Many people consider flies nuisances, but these insects are quite complex and are found all over the world. They belong to the order Diptera, which they share with other insects, including mosquitoes.
Here are seven other facts about flies that you might not have known.
Some species of flies are genetically similar to people.
According to researchers at the National Aeronautics and Space Administration (NASA), the genes of fruit flies match about 77 percent of the discovered human disease genes. With a short life cycle – in most fruit fly species it takes only a week to go from egg to adult – it is possible for scientists to study genetic mutations in a much shorter amount of time than with other insects or animals. Because of this, fruit flies are often used in medical research labs.
Flies can see behind them.
It’s a fly fact that there are thousands of tiny lenses, called ommatidia, which make up the eyes of a fly. These compound eyes allow flies to see 360 degrees at once.
There are fruit flies in space.
NASA sent fruit flies to the International Space Station in 2014. The flies, located in the “Fruit Fly Lab,” are being used to study the long-term effects of microgravity, space flight and space radiation. The results will help inform decisions made about space travel for humans. For more information, visit nasa.gov.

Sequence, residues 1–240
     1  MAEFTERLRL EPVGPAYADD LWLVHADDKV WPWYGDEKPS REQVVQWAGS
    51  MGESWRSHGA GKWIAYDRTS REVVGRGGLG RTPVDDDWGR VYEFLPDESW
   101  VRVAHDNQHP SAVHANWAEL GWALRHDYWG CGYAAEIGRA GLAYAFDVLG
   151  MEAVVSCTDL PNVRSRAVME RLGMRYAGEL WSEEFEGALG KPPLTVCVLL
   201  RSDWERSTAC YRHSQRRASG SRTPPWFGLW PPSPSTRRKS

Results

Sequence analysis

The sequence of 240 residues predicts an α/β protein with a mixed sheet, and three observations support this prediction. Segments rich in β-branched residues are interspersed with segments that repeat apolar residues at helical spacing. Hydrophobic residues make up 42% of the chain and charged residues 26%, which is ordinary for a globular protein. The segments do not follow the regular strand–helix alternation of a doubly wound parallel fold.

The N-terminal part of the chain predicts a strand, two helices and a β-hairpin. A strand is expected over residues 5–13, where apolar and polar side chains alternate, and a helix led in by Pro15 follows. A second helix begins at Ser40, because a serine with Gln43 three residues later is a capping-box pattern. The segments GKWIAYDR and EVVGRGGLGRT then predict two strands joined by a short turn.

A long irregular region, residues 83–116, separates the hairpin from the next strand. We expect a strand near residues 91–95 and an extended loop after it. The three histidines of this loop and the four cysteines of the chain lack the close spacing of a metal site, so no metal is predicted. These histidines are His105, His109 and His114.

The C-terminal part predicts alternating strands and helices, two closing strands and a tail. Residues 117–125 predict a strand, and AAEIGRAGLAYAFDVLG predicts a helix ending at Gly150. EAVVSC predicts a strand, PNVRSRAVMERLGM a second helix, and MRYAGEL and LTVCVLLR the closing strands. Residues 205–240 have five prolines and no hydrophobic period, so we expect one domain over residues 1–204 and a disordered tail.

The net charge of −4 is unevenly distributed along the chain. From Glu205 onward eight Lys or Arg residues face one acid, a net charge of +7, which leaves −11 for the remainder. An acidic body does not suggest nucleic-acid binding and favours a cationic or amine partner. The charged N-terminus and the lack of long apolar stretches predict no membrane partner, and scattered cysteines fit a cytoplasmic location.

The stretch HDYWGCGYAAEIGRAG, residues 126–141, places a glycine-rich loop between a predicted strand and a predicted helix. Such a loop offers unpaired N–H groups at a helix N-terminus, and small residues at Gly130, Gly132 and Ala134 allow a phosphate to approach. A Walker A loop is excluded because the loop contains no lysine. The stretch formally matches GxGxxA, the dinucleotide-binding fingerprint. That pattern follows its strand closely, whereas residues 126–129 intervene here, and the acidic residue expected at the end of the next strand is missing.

Flies are good at math.
Despite having tiny brains, flies are excellent at calculating the angle of a swatting hand, newspaper or swatter and creating a flight plan to avoid it. When they see a threat coming, they are able to leap backward using their hind legs to avoid the hit, according to research done by scientists at the California Institute of Technology (CalTech). Their data on this fly fact showed that flies make these decisions within 100 milliseconds of spotting the threat.
There is a right way to swat a fly.
According to the CalTech team, there is actually a better way to swat a fly. Instead of aiming directly for the fly, you should try to aim ahead of it and anticipate where it is going to jump when it sees you coming.
Some flies are imposters.
It’s a fly fact that there are species of this pest that mimic other insects. Hover flies, for example, often look like bees or wasps, enabling them to avoid predators. These flies get their name from their behavior – they are often seen hovering in midair like small, living helicopters. While their buzzing can be annoying, hover flies are considered beneficial as their larvae prey on aphids, caterpillars, thrips and scales. Adult hover flies are pollinators of flowering plants.
Not all flies are “true flies.”
Some insects are called flies, but are not actually included in Diptera. To tell them apart, look at the insect’s name: a “true fly” will have its name in two parts, like the house fly, whereas a dragonfly is all one word.
While these facts about flies are interesting, they don’t mean you want to keep these pests around. If you have a fly problem in your home, call a pest management professional to tell these insects to buzz off.